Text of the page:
Rumours about merging the Nissan Patrol and Armada
We've been hearing for years that Nissan's been planning some sort of changes for the Armada - and finally, we have details that go into further depths about what, potentially, this will mean for drivers fond of the Armada lineup.
For those unfamiliar with the Patrol name, you are probably not alone. The truth of the matter may be a little more shocking, as, in fact, the Patrol is one of the oldest names associated with Nissan. Launching back in 1951, the first Patrol was an exclusive model offered to Japanese Nissan dealerships. Overall, it was a Japanese take on the popular Willys Jeeps of the same period, with obvious influence on the style and power - this first generation was called the 4W60 and came equipped with a 75 horsepower 3.7-litre Nissan-designed NAK engine. This offered part-time four-wheel drive and came equipped with a four-speed manual transmission.
It would go on to be replaced in 1959 with a second generation that had a production run reaching until autumn 1980. This was followed up with the 160 Series third generation, a fourth generation with a much more familiar look in 1987 until 1997, and a fifth generation from 1997, that offered diesel, turbo diesel, and petrol engines with huge customization opportunities. It ran until 2010 when the Patrol was rebranded as the Armada in the North American market.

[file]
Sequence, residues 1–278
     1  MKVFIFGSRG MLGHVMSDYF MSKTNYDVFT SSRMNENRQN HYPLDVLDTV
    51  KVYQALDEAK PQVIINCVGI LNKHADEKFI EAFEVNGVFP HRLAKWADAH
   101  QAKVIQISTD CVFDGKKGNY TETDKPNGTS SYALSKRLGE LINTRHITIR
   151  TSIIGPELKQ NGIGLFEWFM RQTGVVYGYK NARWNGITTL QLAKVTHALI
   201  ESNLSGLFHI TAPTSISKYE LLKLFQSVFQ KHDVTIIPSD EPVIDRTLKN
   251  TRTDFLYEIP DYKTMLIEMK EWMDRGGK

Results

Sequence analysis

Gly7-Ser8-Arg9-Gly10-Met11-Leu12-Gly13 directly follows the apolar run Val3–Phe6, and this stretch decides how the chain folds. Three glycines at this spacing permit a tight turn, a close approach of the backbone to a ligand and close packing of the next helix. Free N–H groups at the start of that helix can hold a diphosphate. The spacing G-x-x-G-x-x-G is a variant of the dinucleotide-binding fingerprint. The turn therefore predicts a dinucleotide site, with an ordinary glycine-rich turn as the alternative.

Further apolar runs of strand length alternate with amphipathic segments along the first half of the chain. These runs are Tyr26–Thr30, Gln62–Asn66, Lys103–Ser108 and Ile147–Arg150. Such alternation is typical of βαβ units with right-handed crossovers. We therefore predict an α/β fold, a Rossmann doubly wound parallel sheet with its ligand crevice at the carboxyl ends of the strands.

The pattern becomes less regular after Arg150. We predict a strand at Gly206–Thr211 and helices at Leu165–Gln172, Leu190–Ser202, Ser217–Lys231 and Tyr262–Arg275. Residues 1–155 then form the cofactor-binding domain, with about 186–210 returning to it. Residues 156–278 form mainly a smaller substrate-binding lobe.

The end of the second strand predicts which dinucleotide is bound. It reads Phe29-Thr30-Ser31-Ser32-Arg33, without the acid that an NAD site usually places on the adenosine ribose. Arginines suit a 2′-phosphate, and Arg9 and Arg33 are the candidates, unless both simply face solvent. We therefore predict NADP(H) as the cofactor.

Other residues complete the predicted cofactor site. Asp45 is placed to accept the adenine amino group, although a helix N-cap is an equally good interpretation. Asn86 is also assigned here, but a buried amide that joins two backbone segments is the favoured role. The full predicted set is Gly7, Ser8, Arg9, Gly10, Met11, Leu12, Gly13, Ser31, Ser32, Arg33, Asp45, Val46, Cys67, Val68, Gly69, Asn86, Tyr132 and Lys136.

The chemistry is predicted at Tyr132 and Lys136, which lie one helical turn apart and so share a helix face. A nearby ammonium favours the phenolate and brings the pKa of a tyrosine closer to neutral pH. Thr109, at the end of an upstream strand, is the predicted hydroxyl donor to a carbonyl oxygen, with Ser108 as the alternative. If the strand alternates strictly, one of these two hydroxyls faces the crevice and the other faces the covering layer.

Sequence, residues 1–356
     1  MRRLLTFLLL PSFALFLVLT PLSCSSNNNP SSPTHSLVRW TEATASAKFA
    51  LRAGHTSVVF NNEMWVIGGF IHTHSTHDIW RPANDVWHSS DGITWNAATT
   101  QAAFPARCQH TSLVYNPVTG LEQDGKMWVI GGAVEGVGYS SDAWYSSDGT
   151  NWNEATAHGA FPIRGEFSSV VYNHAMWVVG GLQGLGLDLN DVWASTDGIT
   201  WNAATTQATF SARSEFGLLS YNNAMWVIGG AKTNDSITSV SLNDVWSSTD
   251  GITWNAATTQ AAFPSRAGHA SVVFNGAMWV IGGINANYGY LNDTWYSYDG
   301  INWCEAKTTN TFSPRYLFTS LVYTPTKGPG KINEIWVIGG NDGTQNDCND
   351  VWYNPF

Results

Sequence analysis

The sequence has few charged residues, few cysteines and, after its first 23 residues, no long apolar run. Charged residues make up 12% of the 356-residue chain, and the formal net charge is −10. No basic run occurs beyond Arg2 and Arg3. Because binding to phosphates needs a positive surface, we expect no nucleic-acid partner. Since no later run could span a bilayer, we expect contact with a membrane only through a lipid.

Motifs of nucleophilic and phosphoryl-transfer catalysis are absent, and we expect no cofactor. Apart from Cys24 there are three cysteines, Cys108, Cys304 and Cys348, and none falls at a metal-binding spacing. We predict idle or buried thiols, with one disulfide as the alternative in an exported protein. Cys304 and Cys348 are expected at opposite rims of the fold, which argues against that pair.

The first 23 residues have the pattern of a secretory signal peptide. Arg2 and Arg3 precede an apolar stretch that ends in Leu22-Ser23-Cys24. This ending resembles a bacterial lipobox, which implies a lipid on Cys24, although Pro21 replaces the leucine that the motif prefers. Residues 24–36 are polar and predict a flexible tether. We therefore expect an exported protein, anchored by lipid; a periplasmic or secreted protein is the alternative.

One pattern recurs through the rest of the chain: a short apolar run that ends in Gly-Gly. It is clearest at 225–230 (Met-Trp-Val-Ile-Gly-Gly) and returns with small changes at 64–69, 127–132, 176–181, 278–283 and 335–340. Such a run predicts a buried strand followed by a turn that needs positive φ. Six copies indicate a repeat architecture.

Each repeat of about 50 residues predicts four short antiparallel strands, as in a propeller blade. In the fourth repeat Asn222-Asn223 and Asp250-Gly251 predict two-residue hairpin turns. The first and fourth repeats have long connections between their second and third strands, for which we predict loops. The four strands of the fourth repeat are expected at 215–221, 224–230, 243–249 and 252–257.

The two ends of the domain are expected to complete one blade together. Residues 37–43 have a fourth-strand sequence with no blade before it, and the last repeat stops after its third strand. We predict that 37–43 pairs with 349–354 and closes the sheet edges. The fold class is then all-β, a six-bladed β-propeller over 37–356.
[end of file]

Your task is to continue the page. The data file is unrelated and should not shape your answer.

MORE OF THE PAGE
The Armada that we know of in North America started its run in 2003, and was based on the Titan pickup truck platform, as a full-size SUV with 4-doors, and 8-passenger seating, the first two years included "Pathfinder" in the name, but was removed after 2004. Under the Armada nameplate, the vehicle continued production until 2015.
On February 10, 2016, Nissan unveiled the next-generation at the Chicago Auto Show - and with the notice that it will be going on sale in August 2016 as a 2017 model year. It will be based on the Nissan Patrol while incorporating points from the Infiniti QX80 and will be assembled in Japan - it has increased in size and will be offered in 2WD and 4WD options.
To say that these two are merging is somewhat misleading - giving their unified history outside of North America, but, all the same, this badge engineering is part of Nissan's long-term plan for the Armada and Patrol to share a global platform rather than utilize the American-built Titan as a reference.
It will retain its 8-passenger seating opportunity this new Aramda will have the same physical presence and durability that made it a perfect vehicle for families who want the power of a pickup with the conveniences of space for everyone along for the ride.